Three years ago I started the Natural Religion Study Group at the American Philosophical Association's Pacific Division. I took the name from David Hume's Dialogues Concerning Natural Religion, and thought it more appropriate given the APA setting than the title Natural Theology. We have had three years of very interesting presentations.
The question that is asked in Natural Religion is what can be known about God and the good through the use of reason to understand general revelation. Hume's answer is a skeptical one. Much of the consensus since his time, both among believers and unbelievers, is to accept his conclusion. Believers see it as proof of the need for blind faith, and unbelievers see it as proof that religion should be rejected.
In his study of Calvin, Benjamin B. Warfield took note of Calvin's view of Natural Religion. Much has been made of Calvin's reliance on the sensus divinitatis, including at Princeton Theological Seminary where Warfield studied and taught. This sense of the divine was linked with common sense and the assertion made that everyone knows God so that theistic arguments are nice but not necessary.
And yet Calvin, and those at Princeton, did give interesting analysis of theistic arguments. I'd like to consider a passage here in which Warfield studies Calvin's consideration of what is eternal. I do this because this is the most basic metaphysical question that can be asked, and so is the central question of Natural Religion: what is eternal?
"In developing this statement of the external natural revelation of God, Calvin presents first His patefaction in creation and then His patefaction in providence, and under each head lays the primary stress on the manifestations of the divine wisdom and power. But the other attributes which enter into His glory are not neglected. Thus, under the former caption, he points out that the perception of the divine power in creation 'leads us to the consideration of His eternity; because He from whom all things derive their origin must necessarily be eternal and self-existent,' while we must postulate goodness and mercy as the motives of His creation and providence" (B.B. Warfield, Calvin and Calvinism, 40).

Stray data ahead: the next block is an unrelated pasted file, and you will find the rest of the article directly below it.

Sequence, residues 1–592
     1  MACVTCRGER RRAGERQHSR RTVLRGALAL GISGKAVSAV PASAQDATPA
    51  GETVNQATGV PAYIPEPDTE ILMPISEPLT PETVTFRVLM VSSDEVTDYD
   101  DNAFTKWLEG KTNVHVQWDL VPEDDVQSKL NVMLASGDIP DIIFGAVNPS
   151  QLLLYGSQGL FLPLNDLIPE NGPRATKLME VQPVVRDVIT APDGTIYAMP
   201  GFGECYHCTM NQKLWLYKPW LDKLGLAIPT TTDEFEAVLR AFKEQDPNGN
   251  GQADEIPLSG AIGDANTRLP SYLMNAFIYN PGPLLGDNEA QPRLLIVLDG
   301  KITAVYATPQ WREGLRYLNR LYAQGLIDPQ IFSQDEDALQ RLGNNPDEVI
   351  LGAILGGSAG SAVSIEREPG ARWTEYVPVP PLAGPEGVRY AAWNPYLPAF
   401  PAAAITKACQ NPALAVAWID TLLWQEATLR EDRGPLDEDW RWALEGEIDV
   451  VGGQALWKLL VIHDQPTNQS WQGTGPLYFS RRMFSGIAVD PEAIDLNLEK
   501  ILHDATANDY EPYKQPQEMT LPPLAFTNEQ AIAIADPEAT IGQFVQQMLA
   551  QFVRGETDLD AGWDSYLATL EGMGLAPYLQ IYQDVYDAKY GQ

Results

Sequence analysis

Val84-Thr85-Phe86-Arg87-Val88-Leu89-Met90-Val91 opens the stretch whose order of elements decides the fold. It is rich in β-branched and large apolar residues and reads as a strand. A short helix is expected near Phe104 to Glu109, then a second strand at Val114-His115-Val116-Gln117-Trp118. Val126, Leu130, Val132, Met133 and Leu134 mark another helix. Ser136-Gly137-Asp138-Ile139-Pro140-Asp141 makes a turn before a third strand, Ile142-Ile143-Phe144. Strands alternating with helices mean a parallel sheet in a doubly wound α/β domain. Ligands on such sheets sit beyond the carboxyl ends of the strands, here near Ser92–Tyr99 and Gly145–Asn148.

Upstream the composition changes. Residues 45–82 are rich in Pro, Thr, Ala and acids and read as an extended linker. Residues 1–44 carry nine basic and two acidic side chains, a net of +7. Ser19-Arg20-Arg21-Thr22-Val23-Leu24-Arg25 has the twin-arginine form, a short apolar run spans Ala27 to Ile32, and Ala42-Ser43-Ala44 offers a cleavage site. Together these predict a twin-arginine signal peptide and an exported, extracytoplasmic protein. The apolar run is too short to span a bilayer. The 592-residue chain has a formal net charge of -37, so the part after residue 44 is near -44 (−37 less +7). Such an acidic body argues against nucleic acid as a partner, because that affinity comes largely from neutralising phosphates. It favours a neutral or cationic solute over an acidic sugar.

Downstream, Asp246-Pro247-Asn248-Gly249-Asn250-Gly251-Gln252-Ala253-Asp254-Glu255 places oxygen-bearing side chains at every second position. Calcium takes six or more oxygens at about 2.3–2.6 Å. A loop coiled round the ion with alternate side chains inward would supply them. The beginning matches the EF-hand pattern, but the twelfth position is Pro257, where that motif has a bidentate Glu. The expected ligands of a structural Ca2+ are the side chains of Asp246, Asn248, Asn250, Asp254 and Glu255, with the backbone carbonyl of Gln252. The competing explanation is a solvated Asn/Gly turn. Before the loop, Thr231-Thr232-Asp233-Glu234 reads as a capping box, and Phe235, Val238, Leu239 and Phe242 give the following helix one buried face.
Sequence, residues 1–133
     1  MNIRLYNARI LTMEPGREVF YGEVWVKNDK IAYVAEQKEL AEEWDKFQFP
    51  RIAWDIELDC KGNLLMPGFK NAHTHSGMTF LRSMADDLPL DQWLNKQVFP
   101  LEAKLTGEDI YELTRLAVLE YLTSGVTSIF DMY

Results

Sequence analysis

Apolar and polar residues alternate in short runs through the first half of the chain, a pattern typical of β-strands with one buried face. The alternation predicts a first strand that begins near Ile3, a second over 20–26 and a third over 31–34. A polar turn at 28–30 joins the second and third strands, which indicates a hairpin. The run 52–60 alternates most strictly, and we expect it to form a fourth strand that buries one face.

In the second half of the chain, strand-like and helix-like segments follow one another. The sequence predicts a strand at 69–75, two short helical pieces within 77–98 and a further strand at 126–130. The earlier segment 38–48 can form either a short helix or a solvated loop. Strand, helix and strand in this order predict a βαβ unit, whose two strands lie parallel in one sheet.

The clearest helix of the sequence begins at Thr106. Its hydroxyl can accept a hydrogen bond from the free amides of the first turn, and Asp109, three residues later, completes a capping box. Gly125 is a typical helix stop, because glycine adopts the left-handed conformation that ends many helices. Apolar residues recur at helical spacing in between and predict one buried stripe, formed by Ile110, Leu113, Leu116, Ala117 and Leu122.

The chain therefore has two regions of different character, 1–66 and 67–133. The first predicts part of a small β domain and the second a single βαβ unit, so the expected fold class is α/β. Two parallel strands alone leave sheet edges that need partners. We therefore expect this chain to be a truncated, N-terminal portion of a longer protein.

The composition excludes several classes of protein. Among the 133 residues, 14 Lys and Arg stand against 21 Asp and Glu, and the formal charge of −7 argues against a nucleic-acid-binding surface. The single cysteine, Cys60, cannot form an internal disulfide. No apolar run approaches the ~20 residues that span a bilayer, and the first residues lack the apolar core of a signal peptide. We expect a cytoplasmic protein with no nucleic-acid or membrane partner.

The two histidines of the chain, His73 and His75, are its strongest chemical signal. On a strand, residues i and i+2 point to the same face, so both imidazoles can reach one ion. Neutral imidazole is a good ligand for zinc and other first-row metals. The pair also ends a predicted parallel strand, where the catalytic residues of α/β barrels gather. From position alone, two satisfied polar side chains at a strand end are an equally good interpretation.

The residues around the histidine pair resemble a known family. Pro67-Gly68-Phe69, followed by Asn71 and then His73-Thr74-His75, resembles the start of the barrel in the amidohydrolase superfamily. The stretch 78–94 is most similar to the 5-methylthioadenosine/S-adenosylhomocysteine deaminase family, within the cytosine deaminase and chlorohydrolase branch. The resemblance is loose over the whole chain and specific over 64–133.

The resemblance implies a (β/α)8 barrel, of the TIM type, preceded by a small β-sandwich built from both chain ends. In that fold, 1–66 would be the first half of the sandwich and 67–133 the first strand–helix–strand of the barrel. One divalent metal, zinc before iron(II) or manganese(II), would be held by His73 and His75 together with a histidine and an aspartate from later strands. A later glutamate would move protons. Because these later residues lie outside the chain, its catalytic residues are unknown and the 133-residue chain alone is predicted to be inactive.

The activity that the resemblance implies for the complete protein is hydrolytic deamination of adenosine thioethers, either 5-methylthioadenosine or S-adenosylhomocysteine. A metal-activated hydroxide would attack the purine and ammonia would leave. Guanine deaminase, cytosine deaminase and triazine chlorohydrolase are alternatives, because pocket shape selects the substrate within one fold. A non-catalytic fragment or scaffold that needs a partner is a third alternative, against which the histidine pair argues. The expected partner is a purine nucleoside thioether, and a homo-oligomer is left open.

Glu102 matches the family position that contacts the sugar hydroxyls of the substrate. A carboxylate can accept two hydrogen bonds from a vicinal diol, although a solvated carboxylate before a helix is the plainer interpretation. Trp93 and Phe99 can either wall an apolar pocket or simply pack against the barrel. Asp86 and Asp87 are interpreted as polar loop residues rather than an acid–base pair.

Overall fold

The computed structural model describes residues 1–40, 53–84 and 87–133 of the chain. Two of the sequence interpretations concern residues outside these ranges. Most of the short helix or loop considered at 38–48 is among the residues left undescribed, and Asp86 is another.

It is formally true that whatever is the origin of all other being must itself be eternal and self-existent. To argue otherwise is to argue that all being is temporal, with beginning, and therefore came from non-being. What Calvin does here is lays the grounds for knowing God from Natural Religion. If we know that what is eternal is not material, but is a spirit (and therefore personal/conscious), we can argue to the goodness and mercy of God (those mentioned by Calvin above, although I'd say knowledge, power, and goodness).
Hume's argument against this is based on what has come to be called Hume's Fork. Hume said that all knowledge is either of the relation of ideas or sense data. The former tell us nothing about existence. Applied to arguments about God, the contention is that the above considerations about eternality have to do with the relations of ideas and therefore do not tell us about existence.
As an empiricist, Hume must go in this direction. What empiricism misses is that reason applies to both being and thought. In my book "Clarity" I demonstrate how Hume had the tools to see this. In his Treatise he did affirm that what is a contradiction cannot exist. Therefore, if it is shown that being from non-being is a contradiction, then there must have existed something from eternity. If it can be shown that what is eternal is not material, then the alternative must be true which is that what is eternal is a spirit. We can proceed in a similar fashion to theism.
This is Natural Religion. I'd like to argue that we need not end in Hume's skepticism. Rather, we can come to know some things about God and the good.